Urban Compass Comes Out Of Stealth With A Hyperlocal Social Network, And A Disruptive Rental Portal That Will Serve As A Magnet

Posted: May 7, 2013 in eCommerce, Social, Startup, Technology
Tags: ,

20130507-212804.jpg. Urban Compass, a New York-based startup that last
year raised an $8 million seed round while still in
stealth mode, is coming out of the shadows and
debuting its first services in public beta: a hyperlocal
social network, called the Urban Compass Network,
and a housing rentals platform that brings online the whole process of finding, securing and subsequently
paying for a place to live. The two services, which
debut first in New York, were formally unveiled today
at a press conference led by the Mayor of New York
City, Michael Bloomberg. Ori Allon, the co-founder and executive chairman —
and also a search PhD who sold his last two (search-
focused) startups respectively first to Google and
then Twitter, where he became head of engineering
based in New York until he left to start Urban
Compass — is trying something new with his latest venture: a “data-driven company” as he describes it,
but also one that, fundamentally, will be relying on a
lot of human input for the wheels to turn. In January, alongside an engineering recruitment
effort, the company began to hire a cadre of
“neighborhood specialists” to act as experts on
specific locales in the city, with the request that they
also have some kind of experience in customer
services. The neighborhood specialists, it turns out, are serving a two-fold purpose. They are data
collectors, reporting on the best that a neighborhood
has to offer, which will be fed into Neighborhood
Guides; these will in turn become the building blocks
of Urban Compass Network. And, putting on another,
more businesslike hat, those neighborhood specialists are agents, bringing prospective residents
to look at potential homes. (And Urban Compass has
equipped them with training and licenses for that
purpose.) The aim is for 200 people to work for Urban
Compass by the end of this year. The rentals part of the service is already being used
in private beta: a large corporate based in the city
signed on and started to refer to Urban Compass all
of its employees relocating to New York. Those users
in turn were able to refer others to the site. With UC
taking a percentage of every lease completed through the site, the rentals business has already started to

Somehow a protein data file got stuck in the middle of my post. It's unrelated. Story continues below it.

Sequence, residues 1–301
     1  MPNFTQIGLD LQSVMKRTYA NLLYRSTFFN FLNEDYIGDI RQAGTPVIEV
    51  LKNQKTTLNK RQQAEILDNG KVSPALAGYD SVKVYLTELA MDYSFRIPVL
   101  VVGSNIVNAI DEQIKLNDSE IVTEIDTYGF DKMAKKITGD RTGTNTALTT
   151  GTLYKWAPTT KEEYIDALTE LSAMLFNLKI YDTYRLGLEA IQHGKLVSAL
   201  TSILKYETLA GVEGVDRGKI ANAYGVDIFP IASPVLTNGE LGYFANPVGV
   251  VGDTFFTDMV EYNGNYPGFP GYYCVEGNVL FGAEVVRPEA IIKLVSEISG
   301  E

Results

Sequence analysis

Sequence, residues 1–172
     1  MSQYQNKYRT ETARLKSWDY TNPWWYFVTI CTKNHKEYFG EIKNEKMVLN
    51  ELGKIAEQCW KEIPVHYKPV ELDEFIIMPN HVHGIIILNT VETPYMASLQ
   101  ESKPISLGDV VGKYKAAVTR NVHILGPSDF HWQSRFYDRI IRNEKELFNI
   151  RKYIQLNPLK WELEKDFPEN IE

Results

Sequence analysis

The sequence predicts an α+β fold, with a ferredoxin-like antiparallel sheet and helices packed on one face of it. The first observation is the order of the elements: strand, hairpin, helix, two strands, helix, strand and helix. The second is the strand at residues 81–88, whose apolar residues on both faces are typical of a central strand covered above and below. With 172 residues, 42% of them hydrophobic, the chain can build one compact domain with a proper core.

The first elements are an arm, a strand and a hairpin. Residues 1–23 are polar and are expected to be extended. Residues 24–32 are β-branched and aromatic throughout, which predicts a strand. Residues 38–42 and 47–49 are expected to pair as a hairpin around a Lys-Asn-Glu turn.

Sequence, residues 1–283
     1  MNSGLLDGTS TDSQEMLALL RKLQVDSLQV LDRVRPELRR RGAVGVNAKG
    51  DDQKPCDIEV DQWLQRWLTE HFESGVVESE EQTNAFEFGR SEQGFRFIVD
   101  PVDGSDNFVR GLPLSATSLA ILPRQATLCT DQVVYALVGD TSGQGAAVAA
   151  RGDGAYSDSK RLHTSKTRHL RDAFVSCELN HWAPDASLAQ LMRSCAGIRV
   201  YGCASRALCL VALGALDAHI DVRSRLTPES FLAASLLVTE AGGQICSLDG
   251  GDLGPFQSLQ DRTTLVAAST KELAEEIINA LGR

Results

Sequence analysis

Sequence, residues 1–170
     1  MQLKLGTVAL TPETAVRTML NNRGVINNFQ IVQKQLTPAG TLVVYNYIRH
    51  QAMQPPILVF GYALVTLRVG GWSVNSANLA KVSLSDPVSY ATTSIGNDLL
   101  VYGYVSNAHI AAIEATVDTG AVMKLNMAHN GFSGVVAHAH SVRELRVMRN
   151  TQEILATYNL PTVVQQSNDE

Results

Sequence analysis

bring in some impressive revenues — Allon says
numbers will be made public soon, but he notes that
those sales are strong enough that he and the other
three co-founders — CEO Robert Reffkin, an ex-
banker and non-profit fundraiser extraordinaire; head of product Mike Weiss; and lead engineer Ugo Di
Girolamo — will not need to be raising more funding
any time in the near future. (Backers in the seed round included Founders Fund,
Goldman Sachs, Thrive Capital, the CEO of American
Express Kenneth Chenault, and ZocDoc’s CEO Cyrus
Massoumi, among others.) The rentals part of the site is a fairly disruptive
operation in itself: not only does it cut out brokers
who have acted as the costly middle man for each
rental in the city; but by going directly to those
leasing out properties, it’s offering one more way for
them to bypass sites like Craiglist.org, creating a simple, one-stop shop for the lifetime of a rental deal.
It’s also a direct link to one of Urban Compass’s first
big hires, Gordon Golub, a long-standing real estate
executive in the city. Still, combining a hyperlocal social network and an e-
commerce focused rentals site may sound like an
incongruous pairing: a social network seems to work
best when it feels as organic and uncommercial as
possible, while a housing rentals site seems like the
most overtly of commercial enterprises. But at Urban Compass, not only do the two have the same people
working for them, but the they are built on the same
platform. “I like big challenges,” Allon says of decision to
introduce the two services together. He maintains that
both get equal weight in the companies’ current
system, and they will do in the future as Urban
Compass adds more features. Allon describes the social network as “an essential
part of both our system and future growth plans,”
while the rentals service, which will soon also include
homes to buy, addresses a fundamental need, one
that goes hand-in-hand with selecting a neighborhood
to live in: “We want to help people find a place to live, both as a neighborhood and a home.” The idea, he
says, is for rentals to complement other
neighborhood-focused services going forward. “It’s
true that we’re starting with rentals, but this is the just
the first step. We’ve designed the system with large
scale in mind.” In the beta phase of the service, only those who sign
up for rentals services will have access to the Urban
Compass Network. The plan is for that to open up as
Urban Compass’s own services grow to cover other
areas.

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